WIONNew Delhi, Delhi, IndiaDec 18, 2017, 06.04 AM
Jignesh Mevani, the independent candidate from Vadgam, has defeated his nearest rival, BJP's Vijaybhai Harkabhai Chakravarti. The Congress did not field a candidate against the 35-year-old Dalit leader, who was also backed by Arvind Kejriwal's Aam Aadmi Party (AAP).
Mevani had rubbished exit poll results which gave the BJP between 105-120 seats and said "the BJP will definitely lose". He had also drawn flak after he suggested that Prime Minister Narendra Modi eats mushrooms worth four lakh rupees a day, imported from Taiwan, that have made him fairer. Vadgam is considered a safe seat for the Congress - it is a reserved constituency Scheduled Caste candidates with a substantial Muslim population.
The Congress party's other big hope, OBC leader Alpesh Thakor, won the electoral battle against BJP rival Lavingji Thakor from Radhanpur in Patan district. Lavinji was a Congressman who crossed over to the BJP upset at being denied a ticket. Thakor's father Khidaji had been a BJP worker who parted ways with the party in the mid-1990s when Shankarsinh Vaghela split with the BJP. The 40-year-old junior Thakor is seen as an influential leader of the OBC community who rose to fame through statewide de-addictionn campaigns.
Over half of Gujarat's population are OBCs and Dalits.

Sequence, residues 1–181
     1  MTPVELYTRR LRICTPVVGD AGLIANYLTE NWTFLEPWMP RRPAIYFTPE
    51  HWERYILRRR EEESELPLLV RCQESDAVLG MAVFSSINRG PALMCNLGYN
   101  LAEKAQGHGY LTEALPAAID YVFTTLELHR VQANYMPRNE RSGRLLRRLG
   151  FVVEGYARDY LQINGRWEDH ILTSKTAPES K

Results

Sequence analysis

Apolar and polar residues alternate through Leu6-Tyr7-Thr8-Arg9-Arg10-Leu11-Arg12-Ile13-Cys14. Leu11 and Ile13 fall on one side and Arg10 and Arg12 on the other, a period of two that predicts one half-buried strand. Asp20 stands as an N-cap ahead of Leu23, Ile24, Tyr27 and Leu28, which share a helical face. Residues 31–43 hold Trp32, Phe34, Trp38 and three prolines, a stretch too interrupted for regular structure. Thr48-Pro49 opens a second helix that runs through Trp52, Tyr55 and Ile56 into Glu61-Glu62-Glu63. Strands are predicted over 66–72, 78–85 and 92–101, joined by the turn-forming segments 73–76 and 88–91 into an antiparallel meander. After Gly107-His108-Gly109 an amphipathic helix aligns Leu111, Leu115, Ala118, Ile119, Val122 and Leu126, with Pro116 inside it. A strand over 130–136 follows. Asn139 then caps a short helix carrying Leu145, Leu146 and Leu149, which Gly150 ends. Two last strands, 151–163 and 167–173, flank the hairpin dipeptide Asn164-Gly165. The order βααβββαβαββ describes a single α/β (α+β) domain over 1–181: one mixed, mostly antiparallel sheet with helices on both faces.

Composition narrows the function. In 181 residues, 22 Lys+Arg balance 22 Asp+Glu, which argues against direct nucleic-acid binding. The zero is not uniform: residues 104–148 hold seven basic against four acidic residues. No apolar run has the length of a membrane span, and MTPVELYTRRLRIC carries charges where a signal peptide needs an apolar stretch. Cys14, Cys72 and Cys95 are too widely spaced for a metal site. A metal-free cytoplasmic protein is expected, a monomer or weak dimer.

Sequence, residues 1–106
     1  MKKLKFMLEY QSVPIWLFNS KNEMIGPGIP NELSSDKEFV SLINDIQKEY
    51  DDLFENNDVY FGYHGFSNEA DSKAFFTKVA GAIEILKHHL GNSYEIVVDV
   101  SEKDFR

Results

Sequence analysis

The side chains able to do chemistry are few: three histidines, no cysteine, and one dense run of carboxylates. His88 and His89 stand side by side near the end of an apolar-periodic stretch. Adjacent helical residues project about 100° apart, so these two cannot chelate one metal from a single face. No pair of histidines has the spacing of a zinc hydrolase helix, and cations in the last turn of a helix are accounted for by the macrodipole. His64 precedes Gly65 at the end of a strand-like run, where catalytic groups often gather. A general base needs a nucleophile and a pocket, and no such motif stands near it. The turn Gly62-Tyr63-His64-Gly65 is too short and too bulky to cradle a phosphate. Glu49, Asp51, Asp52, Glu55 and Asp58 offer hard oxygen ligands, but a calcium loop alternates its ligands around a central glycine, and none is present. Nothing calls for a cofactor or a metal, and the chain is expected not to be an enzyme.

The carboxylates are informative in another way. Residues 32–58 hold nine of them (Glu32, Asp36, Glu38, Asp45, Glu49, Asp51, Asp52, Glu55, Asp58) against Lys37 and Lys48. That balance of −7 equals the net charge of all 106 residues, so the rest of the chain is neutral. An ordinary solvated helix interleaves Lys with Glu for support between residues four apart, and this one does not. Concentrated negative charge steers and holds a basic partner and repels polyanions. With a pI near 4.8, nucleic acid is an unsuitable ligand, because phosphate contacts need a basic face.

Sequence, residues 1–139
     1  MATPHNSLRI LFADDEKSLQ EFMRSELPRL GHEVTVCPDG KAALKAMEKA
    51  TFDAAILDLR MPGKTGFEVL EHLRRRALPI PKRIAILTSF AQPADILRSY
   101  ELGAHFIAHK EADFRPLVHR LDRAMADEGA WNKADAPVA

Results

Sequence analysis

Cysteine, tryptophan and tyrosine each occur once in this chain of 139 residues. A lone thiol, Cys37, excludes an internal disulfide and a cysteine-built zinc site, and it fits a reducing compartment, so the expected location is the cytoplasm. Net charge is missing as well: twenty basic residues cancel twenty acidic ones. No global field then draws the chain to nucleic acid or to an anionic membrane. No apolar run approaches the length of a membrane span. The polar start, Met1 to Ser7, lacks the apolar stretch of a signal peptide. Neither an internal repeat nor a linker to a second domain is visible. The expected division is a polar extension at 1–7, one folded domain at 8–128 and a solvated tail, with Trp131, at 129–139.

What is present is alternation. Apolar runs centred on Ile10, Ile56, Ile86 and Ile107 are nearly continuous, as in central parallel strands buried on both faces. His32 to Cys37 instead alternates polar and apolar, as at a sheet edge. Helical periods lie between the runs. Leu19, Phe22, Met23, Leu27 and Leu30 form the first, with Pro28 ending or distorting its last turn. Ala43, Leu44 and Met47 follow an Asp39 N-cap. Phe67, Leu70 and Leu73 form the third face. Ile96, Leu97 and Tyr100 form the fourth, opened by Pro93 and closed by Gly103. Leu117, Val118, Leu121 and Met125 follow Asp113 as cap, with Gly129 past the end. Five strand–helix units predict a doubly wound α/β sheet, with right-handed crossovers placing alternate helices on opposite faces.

Both Thakor and Mevani were billed as Rahul Gandhi's deputies in Gujarat and slated to deliver the Dalit and OBC (Other Backward Caste) votes. In conjunction with Hardik Patel, who was swinging the BJP's traditional vote bank in the Patel community, the Alpesh-Jignesh-Hardik triumvirate was supposed to do all then heavy lifting at the Congress party's behest. Of the 39 seats with a high percentage of Patel voters, Congress seems to have polled over 54% of the votes but that wasn't enough in the final tally.
The anti-BJP consolidation amongst the Patels and the consolidation of the OBC-Dalit votebank hasn't happened the way the Congress would have hoped. While party has recovered remarkably after the smarting it received in 2014, not winning a single Lok Sabha seat from the state, and has improved significantly on its 2012 Assembly election tally of 61, it still hasn't proved enough to wrest power from the Bharatiya Janata Party.
With trends for all 182 of Gujarat's Assembly seats available, the BJP is ahead in 108 seats - down seven from the last assembly elections but still enough to form a government with a comfortable majority should these leads convert to results.